Claude Vivier

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Claude Vivier (14 April 1948 – 7 March 1983) was a Canadian composer.

Life and career[edit]

Born to unknown parents in Montreal, Vivier was adopted at the age of three[1] by a poor French-Canadian family. From the age of thirteen, he attended boarding schools run by the Marist Brothers, a religious order that prepared young boys for a vocation in the priesthood. At the age of eighteen, Vivier was asked to leave the novitiate.[2] His earliest works date from this period. He was always open about his homosexuality.

In 1971, following study with Gilles Tremblay, he began a period of three years' study in Europe, first with Gottfried Michael Koenig at the Institute for Sonology in Utrecht, and then in Cologne with Karlheinz Stockhausen. Vivier learned much from Stockhausen, and his early works have aspects that are clearly, and sometimes audibly, derivative of his teacher, even though his later works bear little audible resemblance.[3] In 1974, he returned to Montreal and began to establish his reputation. He spent some years travelling in places such as Japan, Bali and Iran.

Vivier's opera Kopernikus, to his own libretto, was premièred on 8 May 1980, at the Monument-National in Montreal.

Vivier returned to Paris. He was murdered on 7 March 1983 by a 19-year-old male prostitute he had met that evening at a bar. His body was discovered five days later, on 12 March.

Selected works[edit]

  • Ojikawa for soprano, clarinet and percussion (1968)
  • Prolifération for ondes Martenot, piano and percussion (1969)
  • Musik für das Ende for twenty voices and percussion (1971)
  • Deva et Asura for chamber orchestra (1972)
  • Chants for seven female voices (1973)
  • O! Kosmos for soprano and choir (1973)
  • Désintégration for two pianos, four violins and two violas (1974)
  • Lettura di Dante for soprano and mixed septet (1974)
  • Liebesgedichte for voices and ensemble (1975)
  • Hymnen an die nacht for soprano and piano (1975)
  • Pianoforte for piano (1975)
  • Siddhartha for orchestra (1976)
  • Learning for four violins and percussion (1976)
  • Pulau Dewata for any combination of instruments (1977)
  • Shiraz for piano (1977)
  • Journal for voices and percussionist (1977)
  • Paramirabo for flute, violin, cello and piano (1978)
  • Greeting Music for flute, oboe, percussion, piano and violoncello (1978)
  • Kopernikus: Rituel de la Mort opera in two acts, premiered in Montreal on 8 May 1980 (1979)
  • Orion for orchestra (1979)
  • Lonely Child for soprano and orchestra (1980)
  • Zipangu for string orchestra (1980)
  • Cinq chansons for percussion (1980)
  • Bouchara for soprano and chamber orchestra (1981)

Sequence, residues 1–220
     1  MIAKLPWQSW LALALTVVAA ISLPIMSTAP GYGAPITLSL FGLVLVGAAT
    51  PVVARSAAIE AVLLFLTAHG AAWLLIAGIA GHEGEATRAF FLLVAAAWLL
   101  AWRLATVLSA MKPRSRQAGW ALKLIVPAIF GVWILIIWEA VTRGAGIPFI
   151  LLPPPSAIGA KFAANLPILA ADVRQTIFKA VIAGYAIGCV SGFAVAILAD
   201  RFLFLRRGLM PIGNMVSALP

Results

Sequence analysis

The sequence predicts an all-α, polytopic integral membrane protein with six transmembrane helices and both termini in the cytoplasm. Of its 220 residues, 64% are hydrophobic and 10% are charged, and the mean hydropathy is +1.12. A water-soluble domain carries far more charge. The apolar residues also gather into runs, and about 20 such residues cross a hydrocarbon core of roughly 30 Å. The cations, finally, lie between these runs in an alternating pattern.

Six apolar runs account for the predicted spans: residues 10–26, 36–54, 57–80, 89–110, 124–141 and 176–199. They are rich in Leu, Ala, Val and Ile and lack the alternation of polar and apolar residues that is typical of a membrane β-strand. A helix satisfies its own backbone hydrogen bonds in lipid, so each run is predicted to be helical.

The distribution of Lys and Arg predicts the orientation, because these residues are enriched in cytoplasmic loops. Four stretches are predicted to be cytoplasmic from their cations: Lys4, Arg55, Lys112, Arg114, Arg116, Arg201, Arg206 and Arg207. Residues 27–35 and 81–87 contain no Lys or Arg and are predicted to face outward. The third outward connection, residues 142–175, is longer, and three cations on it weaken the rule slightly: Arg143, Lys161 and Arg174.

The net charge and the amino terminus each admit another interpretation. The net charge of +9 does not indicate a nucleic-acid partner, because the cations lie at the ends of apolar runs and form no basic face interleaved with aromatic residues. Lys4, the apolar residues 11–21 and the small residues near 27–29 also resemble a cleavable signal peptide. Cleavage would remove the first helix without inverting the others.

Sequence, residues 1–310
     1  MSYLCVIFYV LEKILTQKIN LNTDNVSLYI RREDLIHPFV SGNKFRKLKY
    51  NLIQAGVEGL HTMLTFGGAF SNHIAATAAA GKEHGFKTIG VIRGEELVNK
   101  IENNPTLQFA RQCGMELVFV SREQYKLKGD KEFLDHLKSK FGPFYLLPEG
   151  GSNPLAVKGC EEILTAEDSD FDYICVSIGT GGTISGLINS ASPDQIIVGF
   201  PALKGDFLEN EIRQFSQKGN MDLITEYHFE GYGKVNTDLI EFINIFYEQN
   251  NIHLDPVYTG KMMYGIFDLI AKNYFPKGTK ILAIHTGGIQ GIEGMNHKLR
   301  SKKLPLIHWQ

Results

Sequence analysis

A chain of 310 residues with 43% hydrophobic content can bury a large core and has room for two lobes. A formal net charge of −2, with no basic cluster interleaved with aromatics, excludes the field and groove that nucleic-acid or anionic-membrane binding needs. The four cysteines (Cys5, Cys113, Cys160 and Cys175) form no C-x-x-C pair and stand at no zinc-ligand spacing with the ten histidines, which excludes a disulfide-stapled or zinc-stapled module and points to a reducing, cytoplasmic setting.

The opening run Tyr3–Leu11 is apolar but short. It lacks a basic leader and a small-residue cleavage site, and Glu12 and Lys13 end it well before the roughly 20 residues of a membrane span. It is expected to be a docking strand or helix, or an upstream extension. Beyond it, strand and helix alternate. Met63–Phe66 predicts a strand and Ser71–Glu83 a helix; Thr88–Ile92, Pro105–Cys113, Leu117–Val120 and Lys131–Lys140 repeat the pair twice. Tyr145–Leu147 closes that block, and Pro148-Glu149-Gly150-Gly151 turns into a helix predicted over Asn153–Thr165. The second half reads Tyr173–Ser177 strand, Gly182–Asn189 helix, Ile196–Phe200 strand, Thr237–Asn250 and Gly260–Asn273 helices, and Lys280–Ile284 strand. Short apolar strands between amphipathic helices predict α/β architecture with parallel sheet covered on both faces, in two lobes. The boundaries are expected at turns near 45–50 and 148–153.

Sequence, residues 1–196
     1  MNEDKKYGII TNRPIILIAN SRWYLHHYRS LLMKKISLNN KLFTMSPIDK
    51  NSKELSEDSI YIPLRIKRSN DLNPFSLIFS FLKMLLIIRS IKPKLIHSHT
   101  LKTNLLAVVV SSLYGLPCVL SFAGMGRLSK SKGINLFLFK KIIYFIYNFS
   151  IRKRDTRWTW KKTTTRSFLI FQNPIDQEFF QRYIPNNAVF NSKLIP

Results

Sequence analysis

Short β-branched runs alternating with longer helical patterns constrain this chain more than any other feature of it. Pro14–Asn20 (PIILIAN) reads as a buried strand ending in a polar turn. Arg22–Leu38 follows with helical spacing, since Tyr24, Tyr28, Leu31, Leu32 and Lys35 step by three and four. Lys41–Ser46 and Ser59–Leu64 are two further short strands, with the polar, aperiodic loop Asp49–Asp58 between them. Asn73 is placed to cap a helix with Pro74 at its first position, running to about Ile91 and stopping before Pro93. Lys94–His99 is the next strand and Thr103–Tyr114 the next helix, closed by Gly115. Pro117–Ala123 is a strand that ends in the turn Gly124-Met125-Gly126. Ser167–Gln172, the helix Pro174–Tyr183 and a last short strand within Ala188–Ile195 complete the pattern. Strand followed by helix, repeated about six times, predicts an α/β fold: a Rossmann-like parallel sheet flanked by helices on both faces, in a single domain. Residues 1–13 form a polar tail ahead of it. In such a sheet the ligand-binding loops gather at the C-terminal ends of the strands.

• Prologue pour un Marco Polo for thirteen instruments, four voices and narrator (1981)
  • Samarkand for wind quintet and piano (1981)
  • Wo bist du Licht! for mezzo-soprano, orchestra and tape (1981)
  • Et je reverrai cette ville étrange for ensemble (1981)
  • Trois Airs pour un opéra imaginaire for soprano and ensemble (1982)
  • Glaubst du an die Unsterblichkeit der Seele for voices and ensemble (unfinished) (1983)

Discography[edit]

  • Prologue pour un Marco Polo for 13 instruments, 4 voices and narrator (1981), Bouchara for soprano en chamber orchestra (1981), Zipangu for string orchestra (1980), Lonely Child for soprano and orchestra (1980). Schönberg ensemble, Asko ensemble, director: Reinbert de Leeuw. Susan Narucki, Alison Wells, Helena Rasker, Peter Hall, James Ottaway, Harry van der Kamp, Johan Leysen. CD Philips 454 231-2

Notes[edit]

  1. ^ "Claude Vivier Biography". Boosey & Hawkes, Inc. Retrieved 2008-08-15. 
  2. ^ Gilmore 2009, 18.
  3. ^ Gilmore 2009, 36–37.

Sources[edit]

  • Gilmore, Bob. 2007. "On Claude Vivier’s Lonely Child". Tempo, new series 61, no. 239:2–17.
  • Gilmore, Bob. 2009. "Claude Vivier and Karlheinz Stockhausen: Moments from a Double Portrait". Circuit: musiques contemporaines 19, no. 2:35–49. (Subscription access)
  • Gilmore, Bob. 2014. Claude Vivier: a Composer's Life. University of Rochester Press.
  • Lesage, Jean. 2008. "Claude Vivier, Siddhartha, Karlheinz Stockhausen: La nouvelle simplicité et le râga". Circuit: musiques contemporaines 18, no. 3:107–20.
  • Mijnheer, Jaco. 2001. "Vivier, Claude". The New Grove Dictionary of Music and Musicians, second edition, edited by Stanley Sadie and John Tyrrell. London: Macmillan Publishers.
  • Tannenbaum, Peter. 1991. "Claude Vivier Revisited". SoundNotes SN1:12–27.

External links[edit]